How Lane departure warning system works

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Lane departure warning alerts you that your car is about to veer out of lane and warns you to get back into lane.

That’s the basic idea, but there are several versions of the technology available now, including ones that react and steer away from the lane edge and even proactively keep the car centered. All forms of lane departure warning employ a low-cost camera mounted in the windshield near the rear view mirror that continuously watches the striped and solid lane markings of the road ahead. It is part of the circle of safety, the three most common and useful driver assists: protecting you to the front (adaptive cruise control and forward collision warning), side (lane departure warning), and rear side (blind spot detection).
The three flavors: warning, assist, self-centering
Lane departure warning. This is the original. It is a warning only. When you let the car drift near, onto, or over the lane marking, the car alerts you. As the driver, you have to take corrective action by steering the car back to the middle of the lane. It doesn’t work if the road has no lane markings. It may not work, or not as well, if your state waits until the lane markings are faded before repainting. Lane marking dots are sometimes harder to track, especially if their coloring has faded. If it’s raining or snowing, the camera may have trouble, too. By design, the lane departure warning system doesn’t alert you if you have your turn signal on, or if you apply the brakes.
Lane keep assist. This helps once you let the car drift too far. The car then steers itself away from the lane marking. The driver has to re-center the car in the lane. It’s also called lane keeping system, lane assist, side assist, lane departure alert with steering assist, or lane departure prevention.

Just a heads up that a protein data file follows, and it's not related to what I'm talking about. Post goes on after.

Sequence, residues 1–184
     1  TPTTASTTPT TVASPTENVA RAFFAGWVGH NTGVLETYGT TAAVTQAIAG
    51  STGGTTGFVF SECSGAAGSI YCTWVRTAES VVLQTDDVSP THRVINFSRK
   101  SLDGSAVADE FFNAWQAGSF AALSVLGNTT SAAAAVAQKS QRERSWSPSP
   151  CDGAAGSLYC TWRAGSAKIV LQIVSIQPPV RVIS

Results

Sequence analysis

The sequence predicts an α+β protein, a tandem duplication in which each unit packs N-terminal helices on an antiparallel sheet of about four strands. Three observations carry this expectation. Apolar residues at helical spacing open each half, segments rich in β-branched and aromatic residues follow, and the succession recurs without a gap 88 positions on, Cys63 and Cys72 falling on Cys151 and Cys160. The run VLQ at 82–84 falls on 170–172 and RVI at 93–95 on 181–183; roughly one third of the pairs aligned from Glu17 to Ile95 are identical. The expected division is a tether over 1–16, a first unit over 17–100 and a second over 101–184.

Lane centering assist. This is the best and newest system, as long as you trust technology. It’s a fully proactive system. Lane centering assist always tries to keep the car centered in the current lane. It works as long as the car senses you have your hands at least lightly on the steering wheel, and as long as curves aren’t too sharp. If you have lane centering assist and adaptive cruise control, you have the beginnings of what some people would call self-driving. At the very least, the combination is enough to save you from inattentiveness if you speed along 5-10 seconds looking at a music playlist or scanning a full-screen text. “Lane centering assist” is not as well-established as the other two terms.
This feature relies on painted lane markings to operate. This feature is not designed to work with markers that are faded, covered, in disrepair, or are overly complicated.
If the roadway is covered with snow, leaves, fog or debris, the lane keeping assist may not be able to detect the lane markings on the road.
Turning your wheel will override this feature after it activates.